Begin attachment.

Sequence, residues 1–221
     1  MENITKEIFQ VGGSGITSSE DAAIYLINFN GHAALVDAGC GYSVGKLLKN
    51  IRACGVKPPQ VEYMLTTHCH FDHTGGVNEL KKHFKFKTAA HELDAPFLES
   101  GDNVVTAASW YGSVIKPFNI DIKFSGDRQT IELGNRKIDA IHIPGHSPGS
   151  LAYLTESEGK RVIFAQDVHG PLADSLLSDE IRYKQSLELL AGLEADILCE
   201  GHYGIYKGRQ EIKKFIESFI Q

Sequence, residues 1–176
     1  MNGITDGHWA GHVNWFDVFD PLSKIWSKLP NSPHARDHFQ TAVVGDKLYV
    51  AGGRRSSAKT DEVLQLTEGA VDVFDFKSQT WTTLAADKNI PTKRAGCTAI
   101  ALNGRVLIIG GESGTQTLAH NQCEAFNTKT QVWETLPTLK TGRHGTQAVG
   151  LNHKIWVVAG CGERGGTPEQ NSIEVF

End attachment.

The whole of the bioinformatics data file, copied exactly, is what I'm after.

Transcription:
Sequence, residues 1–221
     1  MENITKEIFQ VGGSGITSSE DAAIYLINFN GHAALVDAGC GYSVGKLLKN
    51  IRACGVKPPQ VEYMLTTHCH FDHTGGVNEL KKHFKFKTAA HELDAPFLES
   101  GDNVVTAASW YGSVIKPFNI DIKFSGDRQT IELGNRKIDA IHIPGHSPGS
   151  LAYLTESEGK RVIFAQDVHG PLADSLLSDE IRYKQSLELL AGLEADILCE
   201  GHYGIYKGRQ EIKKFIESFI Q

Sequence, residues 1–176
     1  MNGITDGHWA GHVNWFDVFD PLSKIWSKLP NSPHARDHFQ TAVVGDKLYV
    51  AGGRRSSAKT DEVLQLTEGA VDVFDFKSQT WTTLAADKNI PTKRAGCTAI
   101  ALNGRVLIIG GESGTQTLAH NQCEAFNTKT QVWETLPTLK TGRHGTQAVG
   151  LNHKIWVVAG CGERGGTPEQ NSIEVF